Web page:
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FLA´MMEUM (sc. velum), a flame-coloured [p. 1.867]veil, worn by a Roman bride, the colour of which is described as luteus (Plin. Nat. 21.46; “lutea flammea,Lucan 2.361 ). The diminutive flammeolum (Juv. 10.334), used of the bridal veil of Messalina, probably indicates only a veil of finer texture than usual. It was a long veil covering the head, and, with the exception of the face, descending over the back to the feet, whence it is described by the grammarians as a kind of dress ( “flammea genus amicti,” Schol. ad Juv. 6.225; “vestimentum,” Fest. p. 92, 16; “flammeo amicitur nubens,” Fest. p. 89, 3). It is so represented in works of art, and is frequently mentioned by the Roman writers in connexion with marriage ( “flammeum cape,” Cat. 60.8; “flammea sumit,” Juv. 2.124; “flammea texuntur sponsae,” Mart. 11.78, 3; “puellae caput involverat flammeo,” Petron. 26, 1). Though the flammeum did not entirely cover the face, yet from its falling over the forehead usually it is described as concealing the countenance ( “velare vultus,” Lucan, l.c.; Mart. 12.42, 3). When the bride was brought into the nuptial chamber, the veil was removed by the bridegroom (Claudian, de Laud. Stilich. 2.368).

Bride with the Flammeum. (From the Aldobrandine Marriage.)

Festus says (p. 89) that the bride wore the flammeum because it was always used by the Flaminica, the wife of the Flamen, who could not obtain a divorce. But this is not correct. It has been pointed out by Rossbach that the flammeum was part of the dress of the Flaminica, because it was in ancient times worn by all Roman matrons in performing sacrificial rites. It was originally identical with the ricinium and rica, except in colour, which is also described as a portion of the dress of the Flaminica, though subsequently the ricinium was made smaller and became only a head-dress. [RICINIUM]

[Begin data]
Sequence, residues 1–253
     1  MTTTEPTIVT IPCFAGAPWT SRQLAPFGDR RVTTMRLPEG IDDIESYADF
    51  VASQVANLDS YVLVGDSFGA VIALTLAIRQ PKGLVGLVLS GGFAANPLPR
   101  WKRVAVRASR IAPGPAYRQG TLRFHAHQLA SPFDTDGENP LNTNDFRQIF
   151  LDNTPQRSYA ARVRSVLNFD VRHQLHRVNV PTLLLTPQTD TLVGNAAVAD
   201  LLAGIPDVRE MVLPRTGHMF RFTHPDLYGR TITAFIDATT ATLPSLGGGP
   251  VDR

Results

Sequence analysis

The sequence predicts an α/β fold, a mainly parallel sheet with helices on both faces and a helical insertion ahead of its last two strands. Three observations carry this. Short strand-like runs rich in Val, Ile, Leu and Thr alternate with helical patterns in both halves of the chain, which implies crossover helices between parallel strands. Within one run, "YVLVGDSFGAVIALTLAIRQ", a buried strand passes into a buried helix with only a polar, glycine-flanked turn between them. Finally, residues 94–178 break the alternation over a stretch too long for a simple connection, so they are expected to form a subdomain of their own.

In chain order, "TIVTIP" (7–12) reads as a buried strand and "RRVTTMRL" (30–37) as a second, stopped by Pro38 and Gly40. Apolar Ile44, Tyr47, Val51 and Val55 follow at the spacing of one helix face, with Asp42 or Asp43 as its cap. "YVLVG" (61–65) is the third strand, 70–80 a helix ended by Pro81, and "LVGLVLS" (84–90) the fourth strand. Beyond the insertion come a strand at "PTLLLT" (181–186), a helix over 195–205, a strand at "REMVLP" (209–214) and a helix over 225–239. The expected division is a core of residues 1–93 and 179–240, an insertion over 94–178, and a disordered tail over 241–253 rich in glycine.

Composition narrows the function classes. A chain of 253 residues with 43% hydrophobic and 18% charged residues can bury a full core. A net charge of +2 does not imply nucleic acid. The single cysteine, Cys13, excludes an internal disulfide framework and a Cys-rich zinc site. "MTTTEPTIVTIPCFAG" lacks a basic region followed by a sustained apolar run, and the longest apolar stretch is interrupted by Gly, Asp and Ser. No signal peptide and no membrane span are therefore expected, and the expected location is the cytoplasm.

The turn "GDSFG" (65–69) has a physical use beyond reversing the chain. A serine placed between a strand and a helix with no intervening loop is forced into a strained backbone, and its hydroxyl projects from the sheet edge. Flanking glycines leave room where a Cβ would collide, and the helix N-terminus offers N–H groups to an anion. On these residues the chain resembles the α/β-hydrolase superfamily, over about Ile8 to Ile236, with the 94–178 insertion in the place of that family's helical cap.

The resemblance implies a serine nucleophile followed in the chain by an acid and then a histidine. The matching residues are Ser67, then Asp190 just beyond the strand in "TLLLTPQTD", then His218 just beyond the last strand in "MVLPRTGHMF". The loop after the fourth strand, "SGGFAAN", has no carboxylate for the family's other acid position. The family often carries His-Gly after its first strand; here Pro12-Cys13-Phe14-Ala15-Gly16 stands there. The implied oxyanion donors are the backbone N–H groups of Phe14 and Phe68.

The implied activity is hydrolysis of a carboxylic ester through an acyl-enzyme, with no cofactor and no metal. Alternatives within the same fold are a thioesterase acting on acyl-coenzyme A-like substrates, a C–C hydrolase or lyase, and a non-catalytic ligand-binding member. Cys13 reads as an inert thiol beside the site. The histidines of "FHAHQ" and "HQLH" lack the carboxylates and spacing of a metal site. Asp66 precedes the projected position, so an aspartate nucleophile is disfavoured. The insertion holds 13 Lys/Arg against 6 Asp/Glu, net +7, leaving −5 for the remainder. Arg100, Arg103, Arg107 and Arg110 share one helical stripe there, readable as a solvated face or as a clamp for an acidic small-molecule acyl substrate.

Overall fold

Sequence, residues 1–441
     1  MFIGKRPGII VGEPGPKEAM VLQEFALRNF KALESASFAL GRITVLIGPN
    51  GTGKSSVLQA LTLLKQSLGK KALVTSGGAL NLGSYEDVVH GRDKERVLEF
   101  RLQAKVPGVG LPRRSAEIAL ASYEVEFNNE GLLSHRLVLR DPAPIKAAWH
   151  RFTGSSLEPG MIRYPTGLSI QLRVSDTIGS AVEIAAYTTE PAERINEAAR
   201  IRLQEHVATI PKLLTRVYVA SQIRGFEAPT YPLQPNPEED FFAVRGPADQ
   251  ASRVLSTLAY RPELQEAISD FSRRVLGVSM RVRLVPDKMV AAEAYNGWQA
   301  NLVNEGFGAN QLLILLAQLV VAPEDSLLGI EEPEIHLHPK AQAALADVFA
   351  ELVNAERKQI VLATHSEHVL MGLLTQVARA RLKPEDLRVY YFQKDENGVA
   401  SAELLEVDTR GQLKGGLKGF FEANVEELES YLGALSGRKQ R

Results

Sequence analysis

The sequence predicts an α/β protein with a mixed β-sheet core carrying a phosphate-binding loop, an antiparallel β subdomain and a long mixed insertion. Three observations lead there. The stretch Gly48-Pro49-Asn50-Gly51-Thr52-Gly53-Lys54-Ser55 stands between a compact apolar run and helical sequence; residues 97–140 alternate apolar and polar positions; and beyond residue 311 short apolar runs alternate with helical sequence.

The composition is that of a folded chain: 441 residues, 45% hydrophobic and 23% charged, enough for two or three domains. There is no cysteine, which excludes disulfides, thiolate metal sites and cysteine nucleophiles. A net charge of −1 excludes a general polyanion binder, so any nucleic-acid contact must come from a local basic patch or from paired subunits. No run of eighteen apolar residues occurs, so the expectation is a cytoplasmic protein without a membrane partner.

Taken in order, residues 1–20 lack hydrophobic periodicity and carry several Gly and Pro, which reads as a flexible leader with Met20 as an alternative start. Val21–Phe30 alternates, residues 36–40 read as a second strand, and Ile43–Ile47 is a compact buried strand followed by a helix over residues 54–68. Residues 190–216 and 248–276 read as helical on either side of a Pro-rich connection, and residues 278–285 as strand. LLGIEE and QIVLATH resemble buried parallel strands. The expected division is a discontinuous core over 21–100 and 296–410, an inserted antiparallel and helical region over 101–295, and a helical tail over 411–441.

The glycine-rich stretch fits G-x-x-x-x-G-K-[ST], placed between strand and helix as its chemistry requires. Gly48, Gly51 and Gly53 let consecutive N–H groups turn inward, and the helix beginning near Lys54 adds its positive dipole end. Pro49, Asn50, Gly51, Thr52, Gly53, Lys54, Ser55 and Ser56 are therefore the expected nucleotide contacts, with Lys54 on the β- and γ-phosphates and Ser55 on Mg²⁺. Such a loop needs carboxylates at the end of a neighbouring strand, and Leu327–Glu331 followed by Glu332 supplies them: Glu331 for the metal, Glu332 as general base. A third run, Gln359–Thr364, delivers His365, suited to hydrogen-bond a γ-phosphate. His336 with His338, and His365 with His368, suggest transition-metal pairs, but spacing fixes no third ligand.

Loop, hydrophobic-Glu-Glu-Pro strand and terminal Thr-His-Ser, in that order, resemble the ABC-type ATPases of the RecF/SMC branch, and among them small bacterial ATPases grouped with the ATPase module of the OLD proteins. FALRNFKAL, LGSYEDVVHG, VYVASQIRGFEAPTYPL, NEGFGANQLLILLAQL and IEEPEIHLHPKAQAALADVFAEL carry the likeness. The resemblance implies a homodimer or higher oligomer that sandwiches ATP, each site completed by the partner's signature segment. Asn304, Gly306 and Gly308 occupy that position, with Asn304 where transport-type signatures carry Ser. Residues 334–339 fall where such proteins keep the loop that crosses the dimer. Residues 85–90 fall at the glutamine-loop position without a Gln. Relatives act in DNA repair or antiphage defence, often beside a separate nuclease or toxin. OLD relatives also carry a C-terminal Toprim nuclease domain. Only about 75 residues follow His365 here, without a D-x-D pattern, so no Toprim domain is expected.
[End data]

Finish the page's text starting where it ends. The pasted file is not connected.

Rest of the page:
The flammeum being a symbol of marriage, flammea conterit is said of a Roman matron who changes her husband repeatedly (Juv. 6.225). The flammeum continued to be worn by the bride in the imperial period down to the fourth and fifth centuries, and along with the palla was the characteristic dress of the bride (Claudian, in Nupt. Hon. et Mar. 284; Mart. Capell. v. p. 538, Kopp). The use of the veil in the marriage ceremony was adopted in the Christian Church, and is described by Tertullian (de Veland. Virgin. 100.11) as a praiseworthy heathen custom. The colour of the Christian veil was purple and white, though the name flammeum was sometimes used (St. Ambros. de Virg. 100.15; de Inst. Virg. 100.17). [See Dict. Christ. Ant. ii. p. 1108.]

The flammearii in Plautus (Aul. 3.5, 36) are usually supposed to be the makers of the flammeum or the bridal veil; but as they are mentioned by Plautus along with the violarii, they are more probably the dyers of the colour, and are so explained by Festus (p. 89, 11), “flammearii, infectores flammei coloris.” This colour, as we have seen, is called luteus from lutum, “weld” (reseda luteola, Linn.). (Marquardt, Privatl. pp. 43, 489; Becker-Göll, Gallus, ii. p. 29; Blümner, Techn. i. p. 243; Rossbach, Röm. Hochzeit, &c., Leipz. 1871.)


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